How to Improve Your Speaking Voice

Having a squeaky, nasal or whiny voice can be a very difficult thing to live with. Regardless of how big, tough, successful or attractive you are – if you speak with a voice that sounds like a cartoon character it is going to undermine what you’re saying. A voice that lacks gravitas for a man can make him seem weak and unconfident, even if that isn’t the case and it can make it hard to be heard in a group. For a woman, the wrong voice can be highly embarrassing and potentially ruin the image you’re trying to portray.

Unfortunately, much of our voice is genetically determined. The pitch of our voices and the tone are largely things that can’t be changed, and if you try ‘forcing’ yourself to speak with a deeper or louder voice, then you will only risk damaging your vocal chords and actually ruining the voice you have.

The good news though, is that there are a number of ways we can improve our voices nevertheless. To do this, you simply need to make the maximal, best use of the voice you have naturally and learn how to really project it. Here we will look at how to do that.


Everybody has a ‘natural pitch’ that they speak most comfortably at. This is the pitch that your body is best designed to speak at, and which you feel most relaxed using. Over time we can pick up bad habits that prevent us from speaking at this pitch however, and this can then lead to us sounding strained or forced or not projecting our voice as well as we could.

Thus, many speaking coaches will teach their clients to use what is called the ‘hum test’. Here, they ask the speaker to hum naturally at the pitch that they normally would. If you try this, you should notice that it causes vibration in the front of your face if you are getting it right.

That pitch is your ‘natural pitch’, and if you use this tone then your voice will carry well, you’ll sound relaxed and you’ll sound ‘smooth’. If you are higher or lower than this pitch normally, then you’ll find that you sound strained and it may be that you’re speaking from your nose.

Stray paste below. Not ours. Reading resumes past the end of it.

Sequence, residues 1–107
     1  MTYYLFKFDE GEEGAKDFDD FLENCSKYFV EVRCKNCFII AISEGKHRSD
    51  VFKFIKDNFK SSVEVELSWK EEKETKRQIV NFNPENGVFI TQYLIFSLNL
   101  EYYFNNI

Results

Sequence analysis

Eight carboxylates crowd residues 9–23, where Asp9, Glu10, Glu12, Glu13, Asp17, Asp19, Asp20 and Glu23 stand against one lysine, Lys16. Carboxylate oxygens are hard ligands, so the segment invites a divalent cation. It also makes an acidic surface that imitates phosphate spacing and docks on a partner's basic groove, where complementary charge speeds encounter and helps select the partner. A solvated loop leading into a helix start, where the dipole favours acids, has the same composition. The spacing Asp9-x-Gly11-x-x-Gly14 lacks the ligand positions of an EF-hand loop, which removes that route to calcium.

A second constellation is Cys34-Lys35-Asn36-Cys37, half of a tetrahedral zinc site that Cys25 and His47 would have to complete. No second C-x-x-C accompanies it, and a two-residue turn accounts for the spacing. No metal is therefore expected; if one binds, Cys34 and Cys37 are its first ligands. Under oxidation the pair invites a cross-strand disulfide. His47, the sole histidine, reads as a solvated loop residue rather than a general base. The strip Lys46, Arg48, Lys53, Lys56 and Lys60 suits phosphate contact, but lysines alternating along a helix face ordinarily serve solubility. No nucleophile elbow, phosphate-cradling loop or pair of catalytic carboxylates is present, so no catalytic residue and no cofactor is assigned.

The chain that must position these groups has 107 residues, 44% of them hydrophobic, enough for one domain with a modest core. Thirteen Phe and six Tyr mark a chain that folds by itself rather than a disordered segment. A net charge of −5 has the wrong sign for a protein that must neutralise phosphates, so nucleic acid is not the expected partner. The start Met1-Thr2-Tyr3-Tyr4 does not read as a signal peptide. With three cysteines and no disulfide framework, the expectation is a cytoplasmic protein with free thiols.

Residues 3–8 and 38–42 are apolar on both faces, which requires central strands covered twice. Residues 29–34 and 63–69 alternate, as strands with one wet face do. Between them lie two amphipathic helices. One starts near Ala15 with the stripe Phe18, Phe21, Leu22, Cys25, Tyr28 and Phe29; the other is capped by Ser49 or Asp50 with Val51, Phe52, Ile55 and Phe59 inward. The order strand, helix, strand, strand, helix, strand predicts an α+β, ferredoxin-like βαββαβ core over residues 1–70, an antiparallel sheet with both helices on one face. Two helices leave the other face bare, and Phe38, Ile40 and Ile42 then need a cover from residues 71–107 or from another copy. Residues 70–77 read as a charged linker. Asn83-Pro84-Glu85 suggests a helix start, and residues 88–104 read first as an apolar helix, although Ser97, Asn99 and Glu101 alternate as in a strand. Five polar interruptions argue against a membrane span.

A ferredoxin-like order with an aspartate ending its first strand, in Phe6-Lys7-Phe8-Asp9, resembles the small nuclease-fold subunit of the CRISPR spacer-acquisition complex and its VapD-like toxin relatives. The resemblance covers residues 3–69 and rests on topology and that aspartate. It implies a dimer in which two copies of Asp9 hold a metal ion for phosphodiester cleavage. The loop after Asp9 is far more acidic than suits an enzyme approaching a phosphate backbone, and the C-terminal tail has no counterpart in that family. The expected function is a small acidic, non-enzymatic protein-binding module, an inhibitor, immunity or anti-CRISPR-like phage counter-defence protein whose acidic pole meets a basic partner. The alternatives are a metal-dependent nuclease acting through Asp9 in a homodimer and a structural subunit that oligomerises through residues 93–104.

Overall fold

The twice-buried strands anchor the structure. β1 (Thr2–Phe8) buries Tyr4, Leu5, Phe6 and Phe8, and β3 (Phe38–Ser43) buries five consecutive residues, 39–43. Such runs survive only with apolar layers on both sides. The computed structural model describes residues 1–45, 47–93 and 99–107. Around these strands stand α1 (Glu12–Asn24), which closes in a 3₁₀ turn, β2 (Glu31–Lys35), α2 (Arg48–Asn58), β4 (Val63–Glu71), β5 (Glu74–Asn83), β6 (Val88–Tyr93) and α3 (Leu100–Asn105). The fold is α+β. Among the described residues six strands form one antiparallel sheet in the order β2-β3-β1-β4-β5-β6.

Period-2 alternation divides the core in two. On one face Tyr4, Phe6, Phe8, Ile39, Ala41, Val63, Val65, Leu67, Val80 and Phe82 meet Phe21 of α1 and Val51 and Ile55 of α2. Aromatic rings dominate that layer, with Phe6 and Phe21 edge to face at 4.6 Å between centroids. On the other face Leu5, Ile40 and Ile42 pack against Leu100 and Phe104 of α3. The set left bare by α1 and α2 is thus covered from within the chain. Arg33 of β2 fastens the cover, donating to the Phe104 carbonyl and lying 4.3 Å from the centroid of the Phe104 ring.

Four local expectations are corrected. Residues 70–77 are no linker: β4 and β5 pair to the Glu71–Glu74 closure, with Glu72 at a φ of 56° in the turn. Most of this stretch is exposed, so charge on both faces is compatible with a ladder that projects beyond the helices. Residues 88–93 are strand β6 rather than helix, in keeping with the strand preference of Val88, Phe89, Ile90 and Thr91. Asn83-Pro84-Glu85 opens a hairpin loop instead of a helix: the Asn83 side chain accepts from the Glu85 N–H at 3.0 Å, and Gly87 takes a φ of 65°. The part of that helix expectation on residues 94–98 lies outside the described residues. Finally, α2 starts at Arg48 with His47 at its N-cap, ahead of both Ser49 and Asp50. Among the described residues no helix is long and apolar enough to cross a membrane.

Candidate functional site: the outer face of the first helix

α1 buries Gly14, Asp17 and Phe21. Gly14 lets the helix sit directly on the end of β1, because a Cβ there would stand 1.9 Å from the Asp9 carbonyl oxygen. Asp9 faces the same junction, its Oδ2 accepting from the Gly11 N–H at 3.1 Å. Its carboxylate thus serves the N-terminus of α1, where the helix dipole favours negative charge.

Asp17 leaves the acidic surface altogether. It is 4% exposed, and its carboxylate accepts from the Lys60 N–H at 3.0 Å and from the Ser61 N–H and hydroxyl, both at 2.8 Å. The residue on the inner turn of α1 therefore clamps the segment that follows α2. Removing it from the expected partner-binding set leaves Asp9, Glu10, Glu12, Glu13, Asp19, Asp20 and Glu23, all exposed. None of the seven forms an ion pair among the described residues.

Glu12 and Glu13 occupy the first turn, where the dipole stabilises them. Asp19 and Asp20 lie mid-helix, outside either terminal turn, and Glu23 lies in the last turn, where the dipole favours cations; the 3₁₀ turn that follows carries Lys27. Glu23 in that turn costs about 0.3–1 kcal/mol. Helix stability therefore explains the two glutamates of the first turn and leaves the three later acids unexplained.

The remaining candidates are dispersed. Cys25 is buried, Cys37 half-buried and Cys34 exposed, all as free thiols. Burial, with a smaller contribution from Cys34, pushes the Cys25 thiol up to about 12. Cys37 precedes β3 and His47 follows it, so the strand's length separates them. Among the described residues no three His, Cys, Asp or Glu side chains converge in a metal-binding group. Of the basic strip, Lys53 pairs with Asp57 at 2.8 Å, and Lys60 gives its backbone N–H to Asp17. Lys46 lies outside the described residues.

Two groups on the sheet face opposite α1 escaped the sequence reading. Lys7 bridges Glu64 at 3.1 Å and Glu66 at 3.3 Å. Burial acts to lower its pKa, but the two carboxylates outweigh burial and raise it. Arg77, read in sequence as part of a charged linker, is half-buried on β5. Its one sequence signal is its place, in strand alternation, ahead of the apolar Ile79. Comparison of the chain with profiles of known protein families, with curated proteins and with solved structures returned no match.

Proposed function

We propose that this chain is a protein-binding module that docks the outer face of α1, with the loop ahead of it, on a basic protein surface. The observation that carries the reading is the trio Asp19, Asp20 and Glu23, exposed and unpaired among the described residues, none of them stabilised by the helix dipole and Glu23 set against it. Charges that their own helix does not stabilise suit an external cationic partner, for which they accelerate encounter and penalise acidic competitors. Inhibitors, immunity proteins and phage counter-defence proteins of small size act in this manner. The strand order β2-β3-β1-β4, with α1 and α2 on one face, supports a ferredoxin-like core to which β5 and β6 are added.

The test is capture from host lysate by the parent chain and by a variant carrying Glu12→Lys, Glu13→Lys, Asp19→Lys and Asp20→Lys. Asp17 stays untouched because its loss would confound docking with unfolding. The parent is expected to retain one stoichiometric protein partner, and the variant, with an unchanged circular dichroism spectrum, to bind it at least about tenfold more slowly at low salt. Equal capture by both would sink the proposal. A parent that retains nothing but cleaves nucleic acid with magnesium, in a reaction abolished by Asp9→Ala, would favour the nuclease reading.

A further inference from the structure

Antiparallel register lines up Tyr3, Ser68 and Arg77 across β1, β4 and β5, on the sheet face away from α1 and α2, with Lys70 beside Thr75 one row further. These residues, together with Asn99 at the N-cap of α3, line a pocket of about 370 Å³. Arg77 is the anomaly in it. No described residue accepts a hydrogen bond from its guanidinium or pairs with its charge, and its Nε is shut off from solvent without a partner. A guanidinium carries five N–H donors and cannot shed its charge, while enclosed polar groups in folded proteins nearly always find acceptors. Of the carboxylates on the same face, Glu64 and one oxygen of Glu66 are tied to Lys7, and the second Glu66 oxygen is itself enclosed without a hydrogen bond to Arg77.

One of the very best ways to improve your speaking voice is to relax your body. When you do this, you’ll find that your voice instantly deepens and that you sound more confident and create more volume. The reason for this is that relaxing will lower your diaphragm allowing more air into your lungs, it will loosen your oesophagus allowing more air to travel through your throat and it will help you to naturally sound deeper and calmer at the same time.

Breathe Correctly

Breathing correctly will help you to relax more as well as generally improving your speaking as you feel less nervous and up-tight (feeling nervous instantly increases the pitch of your voice by causing you to tense up).

Correct breathing means breathing with your diaphragm more than your chest. If your chest moves first when you inhale, followed by your stomach, then you have picked up bad habits with your breathing. Instead, your stomach should move first as you relax your transverse abdominis (the ab muscles that wrap around the mid-section) thus allowing your diaphragm to drop into your abdominal cavity. Only once you’ve done this should you use the intercostal muscles between your ribs in order to expand your chest outwards.

Practice breathing correctly in this manner, and over time you should find it begins to come naturally to you. At that point, you will have mastered correct breathing technique and you should notice your voice sounds lower, more confident and more relaxed naturally as a result.

Slow Down

Talking more slowly is also another way to improve the sound of your voice. Not only does speaking slower make you sound lower, but it also removes ‘ums’ and ‘ahs’ as you have more time to think about what you’re going to say next. You’ll improve audibility too, because you’ll have more time to better enunciate and project your voice.

Overall, slowing down the rate of your speech makes you sound more intelligent and confident while simultaneously deepening the pitch of your voice and improving your pronunciation.

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Adam Sinicki

Adam Sinicki is a full time writer who spends most of his time in the coffee shops of London. Adam has a BSc in psychology and is an amateur bodybuilder with a couple of competition wins to his name. His other interests are self improvement, general health, transhumanism and brain training. As well as writing for websites and magazines, he also runs his own sites and has published several books and apps on these topics.

Follow Adam on Linkedin: adam-sinicki, twitter: thebioneer, facebook: adam.sinicki and youtube: treehousefrog

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